The Kingdom of Sweden is located in Northern Europe. This Scandinavian nation is the third largest country in the EU, with land measuring over 460,000 square kilometers and populated by almost ten million people. It is from Sweden that many of the most useful things in the world come from.
In the 18th century, Sweden experienced a scientific revolution, which resulted in a number of incredible inventions and ideas that are still in use today. In fact, the country holds more than 33,000 patents, making it a country with one of the most number of patents ever held in the world. To this day, the country still pioneers many technological and scientific inventions. Here are just some of the amazing inventions that have come from the Kingdom of Sweden.
Light it up
Where would campers, cooks and boy scouts be without a match? Gustaf Erik Pasch is the inventor of the safety match in 1844, a product that has revolutionized the way we start fires. The Swedish inventor is credited with pioneering the use of red phosphorous, which is a non-poisonous chemical, instead of yellow phosphorous.
What’s the temperature?
Thanks to Anders Celsius, we have the 100 point thermometer scale, or Celsius/centigrade readings. The astronomer/mathematician developed the Celsius scale. Centigrade comes from the Latin word centrum, which means 100, and the word gradus, which means steps.
Where in the world?
The Global Positioning System is the brainchild of Hakan Lans, who is considered as one of the best inventors Sweden has ever produced. He is also the developer of the Automatic Identification System, which is used around the world in shipping and civil aviation.
Love that Tetra Pak
The world’s favorite liquid beverage container comes from Lund, Sweden when it was established in 1951. The name of the product comes from Tetrahedron packaging and is used to store, package, and distribute just about any liquid food item. The main inventor was Erik Wallenberg, while the person who developed and manufactured it is Ruben Rausing. The Tetra Pak’s other version is the Tetra Brik, which came out in 1969.
Zip it up
How would we fasten dresses, pants and other articles today if we didn’t have the easy to use zipper? It was improved by Gideon Sundback in 1913, who at that time called it “a hookless fastener”. The early version of the interlocking teeth design wasn’t as smooth as modern zippers, but the concept remains till today.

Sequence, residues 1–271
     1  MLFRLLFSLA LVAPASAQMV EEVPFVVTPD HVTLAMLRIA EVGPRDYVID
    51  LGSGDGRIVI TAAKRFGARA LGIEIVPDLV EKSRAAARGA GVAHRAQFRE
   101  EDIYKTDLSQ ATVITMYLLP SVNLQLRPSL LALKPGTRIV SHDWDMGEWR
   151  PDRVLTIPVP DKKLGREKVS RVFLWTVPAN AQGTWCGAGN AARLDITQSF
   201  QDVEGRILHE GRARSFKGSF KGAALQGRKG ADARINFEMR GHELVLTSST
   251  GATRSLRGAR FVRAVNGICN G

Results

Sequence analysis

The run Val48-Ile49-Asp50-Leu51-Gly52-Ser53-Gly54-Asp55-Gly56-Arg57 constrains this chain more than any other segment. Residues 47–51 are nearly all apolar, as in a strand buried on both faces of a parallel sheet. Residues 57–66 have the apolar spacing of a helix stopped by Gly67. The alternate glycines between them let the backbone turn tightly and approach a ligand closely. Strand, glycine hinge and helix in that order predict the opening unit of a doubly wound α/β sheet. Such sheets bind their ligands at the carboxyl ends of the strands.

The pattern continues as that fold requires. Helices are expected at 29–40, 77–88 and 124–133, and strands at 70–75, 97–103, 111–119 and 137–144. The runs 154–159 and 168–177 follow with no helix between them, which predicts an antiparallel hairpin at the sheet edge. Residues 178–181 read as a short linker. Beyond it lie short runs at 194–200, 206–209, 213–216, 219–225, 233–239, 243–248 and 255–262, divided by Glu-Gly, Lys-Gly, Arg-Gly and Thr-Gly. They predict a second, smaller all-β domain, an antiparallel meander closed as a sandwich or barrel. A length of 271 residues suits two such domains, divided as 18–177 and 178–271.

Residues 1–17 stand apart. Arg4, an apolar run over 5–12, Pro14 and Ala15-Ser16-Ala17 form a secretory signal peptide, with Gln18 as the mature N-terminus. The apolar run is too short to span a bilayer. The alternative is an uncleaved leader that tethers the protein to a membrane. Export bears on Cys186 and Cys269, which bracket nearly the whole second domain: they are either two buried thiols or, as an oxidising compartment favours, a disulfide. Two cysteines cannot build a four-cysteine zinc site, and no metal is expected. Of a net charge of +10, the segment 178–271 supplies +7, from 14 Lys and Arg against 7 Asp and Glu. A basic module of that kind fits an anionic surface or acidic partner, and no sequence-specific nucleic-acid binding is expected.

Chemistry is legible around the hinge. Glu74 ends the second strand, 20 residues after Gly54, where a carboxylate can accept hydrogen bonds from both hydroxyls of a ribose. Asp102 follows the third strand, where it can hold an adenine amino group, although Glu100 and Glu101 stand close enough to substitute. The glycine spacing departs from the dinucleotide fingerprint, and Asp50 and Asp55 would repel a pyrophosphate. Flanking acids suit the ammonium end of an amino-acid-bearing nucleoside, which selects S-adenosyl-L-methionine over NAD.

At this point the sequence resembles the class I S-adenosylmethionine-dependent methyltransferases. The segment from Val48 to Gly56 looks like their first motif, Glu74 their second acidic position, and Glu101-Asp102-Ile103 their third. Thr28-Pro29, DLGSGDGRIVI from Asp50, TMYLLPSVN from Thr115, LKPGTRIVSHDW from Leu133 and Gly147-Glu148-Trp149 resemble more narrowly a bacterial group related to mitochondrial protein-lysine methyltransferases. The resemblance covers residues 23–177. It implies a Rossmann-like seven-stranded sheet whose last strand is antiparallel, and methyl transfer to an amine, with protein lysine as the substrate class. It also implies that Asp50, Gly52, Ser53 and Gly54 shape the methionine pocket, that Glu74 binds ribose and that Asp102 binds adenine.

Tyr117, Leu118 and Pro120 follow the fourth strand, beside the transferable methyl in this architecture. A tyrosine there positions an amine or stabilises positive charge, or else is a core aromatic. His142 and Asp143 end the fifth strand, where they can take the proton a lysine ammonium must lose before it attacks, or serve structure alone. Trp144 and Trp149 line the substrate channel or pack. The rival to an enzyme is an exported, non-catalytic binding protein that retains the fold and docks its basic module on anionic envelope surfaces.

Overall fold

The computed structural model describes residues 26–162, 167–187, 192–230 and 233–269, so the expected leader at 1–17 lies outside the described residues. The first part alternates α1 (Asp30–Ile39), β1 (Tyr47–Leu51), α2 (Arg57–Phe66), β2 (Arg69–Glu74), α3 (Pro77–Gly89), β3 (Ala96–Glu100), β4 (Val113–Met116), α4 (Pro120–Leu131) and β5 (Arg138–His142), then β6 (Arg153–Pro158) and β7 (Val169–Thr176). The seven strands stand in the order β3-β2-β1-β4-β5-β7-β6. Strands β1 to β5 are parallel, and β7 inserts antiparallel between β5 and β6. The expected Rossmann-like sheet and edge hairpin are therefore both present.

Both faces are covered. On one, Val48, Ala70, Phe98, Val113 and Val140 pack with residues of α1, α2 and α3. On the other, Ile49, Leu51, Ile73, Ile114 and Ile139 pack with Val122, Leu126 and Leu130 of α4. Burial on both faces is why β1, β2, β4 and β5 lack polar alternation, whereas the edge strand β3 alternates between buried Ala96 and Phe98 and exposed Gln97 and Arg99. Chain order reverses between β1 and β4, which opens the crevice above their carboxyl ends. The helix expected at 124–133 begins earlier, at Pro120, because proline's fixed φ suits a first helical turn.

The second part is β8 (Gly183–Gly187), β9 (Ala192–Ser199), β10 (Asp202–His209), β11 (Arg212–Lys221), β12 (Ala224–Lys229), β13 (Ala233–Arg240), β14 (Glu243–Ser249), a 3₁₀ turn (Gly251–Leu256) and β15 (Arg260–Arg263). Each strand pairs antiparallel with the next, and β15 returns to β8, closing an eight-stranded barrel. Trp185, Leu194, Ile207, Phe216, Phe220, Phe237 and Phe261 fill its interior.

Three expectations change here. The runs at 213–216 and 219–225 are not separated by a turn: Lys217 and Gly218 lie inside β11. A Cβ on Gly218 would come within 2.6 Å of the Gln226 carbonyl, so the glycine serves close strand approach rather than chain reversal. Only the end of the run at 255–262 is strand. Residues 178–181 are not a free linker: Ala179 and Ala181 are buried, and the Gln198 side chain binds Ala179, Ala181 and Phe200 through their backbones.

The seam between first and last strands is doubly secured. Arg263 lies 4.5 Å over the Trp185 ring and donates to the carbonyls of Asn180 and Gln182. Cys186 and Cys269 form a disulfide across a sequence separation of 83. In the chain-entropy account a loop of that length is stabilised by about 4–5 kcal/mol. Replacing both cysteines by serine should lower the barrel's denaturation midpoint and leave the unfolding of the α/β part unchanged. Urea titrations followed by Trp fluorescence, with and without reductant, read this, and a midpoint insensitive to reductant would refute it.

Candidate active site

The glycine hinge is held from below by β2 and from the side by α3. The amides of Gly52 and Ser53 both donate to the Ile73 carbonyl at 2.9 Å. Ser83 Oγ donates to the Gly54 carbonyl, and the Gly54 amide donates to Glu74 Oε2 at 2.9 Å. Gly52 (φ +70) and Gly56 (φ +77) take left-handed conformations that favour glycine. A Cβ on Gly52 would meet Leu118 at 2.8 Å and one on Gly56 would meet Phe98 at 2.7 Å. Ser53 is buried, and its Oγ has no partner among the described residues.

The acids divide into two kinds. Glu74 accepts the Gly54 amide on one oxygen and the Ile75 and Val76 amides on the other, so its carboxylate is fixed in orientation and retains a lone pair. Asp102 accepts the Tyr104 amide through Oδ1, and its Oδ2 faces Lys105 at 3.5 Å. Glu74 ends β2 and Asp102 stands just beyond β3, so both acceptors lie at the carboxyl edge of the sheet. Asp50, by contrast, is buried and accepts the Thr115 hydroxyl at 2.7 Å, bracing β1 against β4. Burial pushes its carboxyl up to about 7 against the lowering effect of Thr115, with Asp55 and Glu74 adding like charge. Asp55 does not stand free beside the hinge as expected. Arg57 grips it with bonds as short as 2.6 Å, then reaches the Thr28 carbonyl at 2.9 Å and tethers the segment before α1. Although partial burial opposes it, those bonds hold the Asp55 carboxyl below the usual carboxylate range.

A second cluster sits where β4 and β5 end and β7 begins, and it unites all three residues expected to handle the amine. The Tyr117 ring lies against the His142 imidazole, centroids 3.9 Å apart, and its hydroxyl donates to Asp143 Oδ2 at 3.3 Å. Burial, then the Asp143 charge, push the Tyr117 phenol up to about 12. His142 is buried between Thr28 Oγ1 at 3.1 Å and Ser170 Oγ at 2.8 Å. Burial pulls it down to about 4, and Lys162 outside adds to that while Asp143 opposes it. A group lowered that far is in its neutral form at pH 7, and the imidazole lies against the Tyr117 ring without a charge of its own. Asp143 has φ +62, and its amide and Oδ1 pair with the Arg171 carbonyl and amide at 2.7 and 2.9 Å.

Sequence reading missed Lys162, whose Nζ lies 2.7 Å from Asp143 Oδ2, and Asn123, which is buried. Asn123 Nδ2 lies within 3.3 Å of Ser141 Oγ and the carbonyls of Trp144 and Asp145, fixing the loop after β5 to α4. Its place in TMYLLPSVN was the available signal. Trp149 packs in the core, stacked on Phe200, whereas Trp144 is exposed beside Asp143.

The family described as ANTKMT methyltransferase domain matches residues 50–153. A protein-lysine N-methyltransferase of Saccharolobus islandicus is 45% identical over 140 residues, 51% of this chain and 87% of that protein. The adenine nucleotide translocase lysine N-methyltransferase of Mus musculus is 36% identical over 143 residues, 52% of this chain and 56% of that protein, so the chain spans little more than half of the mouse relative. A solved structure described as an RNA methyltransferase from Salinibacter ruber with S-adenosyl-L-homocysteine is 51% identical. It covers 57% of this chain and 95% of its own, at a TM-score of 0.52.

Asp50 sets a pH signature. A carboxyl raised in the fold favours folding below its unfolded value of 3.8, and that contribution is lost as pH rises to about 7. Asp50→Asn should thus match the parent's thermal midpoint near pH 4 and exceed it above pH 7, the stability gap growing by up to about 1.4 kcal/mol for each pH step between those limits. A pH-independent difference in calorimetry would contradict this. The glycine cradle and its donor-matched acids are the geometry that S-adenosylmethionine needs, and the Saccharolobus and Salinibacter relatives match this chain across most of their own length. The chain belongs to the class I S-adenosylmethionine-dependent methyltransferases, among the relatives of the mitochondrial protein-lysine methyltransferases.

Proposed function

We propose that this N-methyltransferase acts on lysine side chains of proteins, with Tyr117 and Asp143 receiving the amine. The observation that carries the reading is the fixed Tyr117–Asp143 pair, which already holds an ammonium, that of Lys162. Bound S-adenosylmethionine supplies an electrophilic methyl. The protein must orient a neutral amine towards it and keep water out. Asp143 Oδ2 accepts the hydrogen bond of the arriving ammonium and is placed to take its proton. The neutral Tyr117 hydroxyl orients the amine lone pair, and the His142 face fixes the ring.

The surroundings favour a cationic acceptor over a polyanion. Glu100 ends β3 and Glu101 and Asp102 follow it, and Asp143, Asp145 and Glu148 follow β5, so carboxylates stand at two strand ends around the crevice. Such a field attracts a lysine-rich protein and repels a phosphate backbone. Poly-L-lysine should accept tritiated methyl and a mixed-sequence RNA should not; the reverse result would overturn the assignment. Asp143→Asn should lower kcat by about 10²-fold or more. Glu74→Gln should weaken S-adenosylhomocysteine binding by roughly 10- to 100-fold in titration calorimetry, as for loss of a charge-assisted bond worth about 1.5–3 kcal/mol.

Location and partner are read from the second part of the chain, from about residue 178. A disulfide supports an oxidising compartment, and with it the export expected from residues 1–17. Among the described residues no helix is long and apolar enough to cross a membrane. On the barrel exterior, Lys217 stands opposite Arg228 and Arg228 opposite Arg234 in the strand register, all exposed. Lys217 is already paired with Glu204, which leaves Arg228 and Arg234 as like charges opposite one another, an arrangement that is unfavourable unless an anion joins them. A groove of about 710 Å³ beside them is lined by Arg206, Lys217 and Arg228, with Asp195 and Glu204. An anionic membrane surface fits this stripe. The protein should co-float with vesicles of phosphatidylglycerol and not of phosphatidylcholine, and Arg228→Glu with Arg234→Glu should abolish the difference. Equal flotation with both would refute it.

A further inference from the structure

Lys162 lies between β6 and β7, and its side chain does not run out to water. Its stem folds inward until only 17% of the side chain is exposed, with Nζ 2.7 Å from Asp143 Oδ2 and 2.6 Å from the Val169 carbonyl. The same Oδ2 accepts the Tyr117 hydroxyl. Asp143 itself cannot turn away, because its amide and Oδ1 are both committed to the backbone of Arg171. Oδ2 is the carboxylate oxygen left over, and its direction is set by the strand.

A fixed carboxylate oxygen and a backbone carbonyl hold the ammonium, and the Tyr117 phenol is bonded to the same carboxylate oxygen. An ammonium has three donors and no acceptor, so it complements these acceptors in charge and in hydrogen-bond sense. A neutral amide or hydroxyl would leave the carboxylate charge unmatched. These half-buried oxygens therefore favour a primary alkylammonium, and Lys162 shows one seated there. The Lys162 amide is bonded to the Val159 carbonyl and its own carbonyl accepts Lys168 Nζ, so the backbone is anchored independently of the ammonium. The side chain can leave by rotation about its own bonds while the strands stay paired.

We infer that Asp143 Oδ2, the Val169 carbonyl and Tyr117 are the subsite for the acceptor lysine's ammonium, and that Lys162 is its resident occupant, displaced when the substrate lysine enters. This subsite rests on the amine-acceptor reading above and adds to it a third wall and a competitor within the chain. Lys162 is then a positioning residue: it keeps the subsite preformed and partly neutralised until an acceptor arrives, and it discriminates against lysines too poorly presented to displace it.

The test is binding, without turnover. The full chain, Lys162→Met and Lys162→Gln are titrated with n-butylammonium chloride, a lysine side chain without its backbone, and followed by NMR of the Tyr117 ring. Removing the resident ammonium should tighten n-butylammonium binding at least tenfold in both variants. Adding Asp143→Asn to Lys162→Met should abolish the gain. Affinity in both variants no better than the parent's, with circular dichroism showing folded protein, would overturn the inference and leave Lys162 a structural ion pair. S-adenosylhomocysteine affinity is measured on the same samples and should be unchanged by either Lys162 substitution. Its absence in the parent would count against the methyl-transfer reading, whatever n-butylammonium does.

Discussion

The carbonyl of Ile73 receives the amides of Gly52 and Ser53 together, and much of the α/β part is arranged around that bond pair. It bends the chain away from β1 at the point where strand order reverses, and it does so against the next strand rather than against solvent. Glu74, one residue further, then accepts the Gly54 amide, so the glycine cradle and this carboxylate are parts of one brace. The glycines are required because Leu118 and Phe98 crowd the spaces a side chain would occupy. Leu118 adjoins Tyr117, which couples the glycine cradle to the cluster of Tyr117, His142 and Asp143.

Start the fire
The blowtorch was invented by Carl Rickard Nyberg in 1882. It is mostly used in metal work, but smaller versions are also used by cooks and bakers today.
Blow it up
Alfred Nobel isn’t just about a peace prize. He invented the dynamite when he was living in Geesthacht, Germany. The explosive material changed the way wars were fought after he patented the item in 1867. The term dynamite comes from the Greek word dynamis, which translates to “power”. It’s a much catchier name than his original product name, “Nobel’s Blasting Powder.”
Other weapons that Swedes developed include the revolver, which Swedish Priest Jonas Offrell developed in the 19th century while the Nordenfelt machine gun was the brainchild of Helge Palmcrantz.
When it comes to communications, the Swedes certainly contributed much in terms of technology. One of the largest telecommunication companies in the world was founded by a Swede, Lars Magnus Ericsson. Back in 1885, he was able to make the telephone handset and further contributed to innovations in telecommunications. To this day, Ericsson is one of the largest companies in Sweden and one of the most important.
In the 2000s, a Swede was the co-founder of one of the most popular Internet sites in the world, Skype. It made calling someone up on the telephone seem trivial, since people could now talk and see each other using the Internet.
A lot of people with heart problems wouldn’t be around today if not for the nifty invention of the dialysis machine and the pacemaker. Nils Alwall is a pioneer in the work of hemodialysis and one of the makers of the first workable dialysis machine. It is for his work with hemodialysis that Alwall came to be known as “the father of extracorporeal blood treatment.” The word dialysis comes from the Greek word dialusis, which translates to dissolution.
The first implantable pacemaker was developed by Rune Elmqvist back in 1958. The battery driven pacemaker was given to the first patient in 1959, and though adjustments had to be made later on, Arne Larsson, the first receiver of the device, lived until 2001.
When it comes to safety, a product that continues to save lives to this day is the three-point seatbelt. While working at Volvo, Nils Bohlin came up with the three point seatbelt in 1958 and today, his invention saves one person every six minutes. This invention upgraded the safety standards in vehicles so much that it is regarded as one of the most important life saving devices in the world.
Thank you for the music!
Perhaps the most popular band to come out of Sweden and hit mainstream culture is ABBA. The quartet band sold more than 370 million albums, between 1972 to 1982, making them one of the most commercial successful music groups of all time. They are the first music group that did not come from an English speaking country but gained commercial success internationally. Other Swedish pop artists include Ace of Bace, Roxette, Europe, The Hives and The Cardigans. In 2007, Sweden also ranked as the third largest music exporter, following the United States and United Kingdom. This is because some of the biggest music studios and music moguls are from Sweden. For example, Max Martin is the genius behind international pop artists Britney Spears, Backstreet Boys, N Sync, Pink and Katy Perry.
There you have it! This extensive list proves that Sweden has given much to the world, and will most likely continue to do so in the coming years.